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Gilleland Creek

This is a current project to keep recreation safe in Gilleland Creek by reducing bacteria levels. The adopted total maximum daily load (TMDL) and the approved implementation plan (I-Plan) are the road map to improving water quality in the creek.
photo of a volunteer collecting data in the Gilleland Creek watershed
A volunteer collecting data in the Gilleland Creek watershed

Watershed County: Travis
Parameter: Bacteria
River Basin: Colorado
Segment: 1428C

On this page:

Overview and Goal

Water quality testing found that bacteria concentrations are elevated in Gilleland Creek, located in northeastern Travis County. High bacteria concentrations might pose a risk to people who swim or wade in the creek - activities referred to as “contact recreation” in the state’s water quality standards.

In response, TCEQ developed a TMDL to determine the amount—or load—of a pollutant that a body of water can receive and still sup-port its designated uses. The allowable load was then allocated among categories of sources within the watershed. Stakeholders also developed an I-Plan with measures that aim to reduce pollutant loads. In 2016, stakeholders revised the I-Plan with adjustments needed to continue water quality improvements in the watershed.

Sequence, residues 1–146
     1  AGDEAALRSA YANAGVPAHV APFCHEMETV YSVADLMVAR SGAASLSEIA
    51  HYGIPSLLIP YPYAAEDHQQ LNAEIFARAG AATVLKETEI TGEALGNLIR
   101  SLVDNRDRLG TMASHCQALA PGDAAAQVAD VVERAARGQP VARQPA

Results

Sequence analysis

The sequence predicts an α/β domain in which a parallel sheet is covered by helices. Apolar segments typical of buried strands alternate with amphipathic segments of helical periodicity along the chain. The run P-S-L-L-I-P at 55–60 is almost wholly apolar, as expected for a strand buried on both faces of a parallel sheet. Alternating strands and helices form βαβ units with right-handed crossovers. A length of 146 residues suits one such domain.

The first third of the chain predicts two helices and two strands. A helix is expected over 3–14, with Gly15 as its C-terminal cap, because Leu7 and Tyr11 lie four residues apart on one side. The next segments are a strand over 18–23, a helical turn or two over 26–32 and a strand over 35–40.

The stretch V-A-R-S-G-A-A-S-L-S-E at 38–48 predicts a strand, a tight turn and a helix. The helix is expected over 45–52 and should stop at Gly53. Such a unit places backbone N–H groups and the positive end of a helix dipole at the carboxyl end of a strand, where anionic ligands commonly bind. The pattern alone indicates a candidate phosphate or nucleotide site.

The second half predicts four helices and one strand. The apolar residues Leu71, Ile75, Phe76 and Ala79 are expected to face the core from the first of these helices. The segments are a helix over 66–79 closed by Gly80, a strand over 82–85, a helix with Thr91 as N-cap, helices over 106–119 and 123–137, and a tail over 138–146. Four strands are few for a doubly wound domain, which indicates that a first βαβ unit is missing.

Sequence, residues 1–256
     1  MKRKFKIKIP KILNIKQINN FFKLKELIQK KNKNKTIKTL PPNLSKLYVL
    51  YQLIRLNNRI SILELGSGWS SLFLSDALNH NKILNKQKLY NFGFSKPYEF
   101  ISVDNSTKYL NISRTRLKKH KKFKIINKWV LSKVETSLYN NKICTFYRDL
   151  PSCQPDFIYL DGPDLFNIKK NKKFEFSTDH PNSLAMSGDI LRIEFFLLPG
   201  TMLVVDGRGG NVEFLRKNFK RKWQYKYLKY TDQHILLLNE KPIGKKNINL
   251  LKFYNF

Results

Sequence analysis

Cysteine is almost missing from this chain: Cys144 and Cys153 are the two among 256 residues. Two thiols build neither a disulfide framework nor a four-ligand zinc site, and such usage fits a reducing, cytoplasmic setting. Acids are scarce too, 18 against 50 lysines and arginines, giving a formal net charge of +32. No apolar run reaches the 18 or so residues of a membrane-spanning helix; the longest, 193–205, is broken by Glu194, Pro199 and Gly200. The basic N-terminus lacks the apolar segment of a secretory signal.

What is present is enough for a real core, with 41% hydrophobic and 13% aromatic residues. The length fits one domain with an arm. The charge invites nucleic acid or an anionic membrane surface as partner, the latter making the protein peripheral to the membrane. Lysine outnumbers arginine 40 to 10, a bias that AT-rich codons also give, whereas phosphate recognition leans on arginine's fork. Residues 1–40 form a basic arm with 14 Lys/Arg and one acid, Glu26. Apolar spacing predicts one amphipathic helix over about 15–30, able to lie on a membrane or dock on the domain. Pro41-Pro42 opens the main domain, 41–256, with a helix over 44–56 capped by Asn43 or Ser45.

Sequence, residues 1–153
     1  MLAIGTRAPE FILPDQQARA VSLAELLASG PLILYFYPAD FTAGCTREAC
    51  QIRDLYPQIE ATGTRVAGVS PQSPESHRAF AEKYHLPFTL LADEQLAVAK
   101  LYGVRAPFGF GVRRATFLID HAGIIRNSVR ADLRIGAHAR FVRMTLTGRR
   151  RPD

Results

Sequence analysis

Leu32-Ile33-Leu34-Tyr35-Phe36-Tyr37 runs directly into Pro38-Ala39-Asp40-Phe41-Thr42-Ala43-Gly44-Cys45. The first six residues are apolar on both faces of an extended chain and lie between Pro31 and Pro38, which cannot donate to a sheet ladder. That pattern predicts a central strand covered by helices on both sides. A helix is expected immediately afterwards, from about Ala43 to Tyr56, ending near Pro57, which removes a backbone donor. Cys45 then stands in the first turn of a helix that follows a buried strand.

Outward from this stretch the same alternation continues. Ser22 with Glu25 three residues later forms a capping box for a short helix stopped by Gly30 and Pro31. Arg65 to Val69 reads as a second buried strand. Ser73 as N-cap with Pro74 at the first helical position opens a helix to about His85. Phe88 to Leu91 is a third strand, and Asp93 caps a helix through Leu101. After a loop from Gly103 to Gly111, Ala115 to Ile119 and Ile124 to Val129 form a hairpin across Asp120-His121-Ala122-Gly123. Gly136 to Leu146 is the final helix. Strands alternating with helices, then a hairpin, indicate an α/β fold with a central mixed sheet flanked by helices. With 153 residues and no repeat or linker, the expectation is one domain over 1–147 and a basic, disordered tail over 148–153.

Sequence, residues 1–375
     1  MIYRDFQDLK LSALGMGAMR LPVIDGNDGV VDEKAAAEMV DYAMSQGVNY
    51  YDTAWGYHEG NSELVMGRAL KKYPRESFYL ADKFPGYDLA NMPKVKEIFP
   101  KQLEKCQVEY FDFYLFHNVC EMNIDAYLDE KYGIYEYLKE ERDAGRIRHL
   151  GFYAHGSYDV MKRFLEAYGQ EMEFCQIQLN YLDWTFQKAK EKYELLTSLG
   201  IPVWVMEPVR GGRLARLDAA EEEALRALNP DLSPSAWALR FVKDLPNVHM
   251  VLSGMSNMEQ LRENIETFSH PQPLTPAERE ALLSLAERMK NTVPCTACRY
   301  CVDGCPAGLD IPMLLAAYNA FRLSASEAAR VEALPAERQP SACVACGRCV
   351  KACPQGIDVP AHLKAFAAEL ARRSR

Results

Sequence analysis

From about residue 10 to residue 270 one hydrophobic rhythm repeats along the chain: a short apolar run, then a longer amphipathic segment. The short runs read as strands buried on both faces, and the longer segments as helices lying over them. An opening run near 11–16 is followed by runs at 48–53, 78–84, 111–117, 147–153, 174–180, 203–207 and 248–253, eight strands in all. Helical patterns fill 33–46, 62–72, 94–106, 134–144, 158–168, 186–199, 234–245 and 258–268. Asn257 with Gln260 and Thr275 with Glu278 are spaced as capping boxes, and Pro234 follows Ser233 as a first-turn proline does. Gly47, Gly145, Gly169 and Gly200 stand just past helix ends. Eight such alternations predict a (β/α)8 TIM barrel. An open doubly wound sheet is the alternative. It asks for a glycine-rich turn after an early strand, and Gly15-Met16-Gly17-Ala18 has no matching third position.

The goal of this project is to reduce bacteria concentrations to within acceptable risk levels for contact recreation.

Watershed description

Gilleland Creek is located in central Texas, where its watershed flows through about 76 square miles flowing through Travis County. Land use in the watershed is transitioning from agricultural to urban. The results of urbanization are most evident during dry weather, when the water in Gilleland Creek is dominated by wastewater effluent from the municipal wastewater treatment facilities (WWTFs) in the watershed. The watershed includes the City of Pflugerville, a small portion of the City of Round Rock, and portions of the cities of Manor and Austin. Gilleland Creek has four assessment units (AUs), numbered from one through four, from the most upstream to the most downstream portions.

Watershed Photos

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Get Involved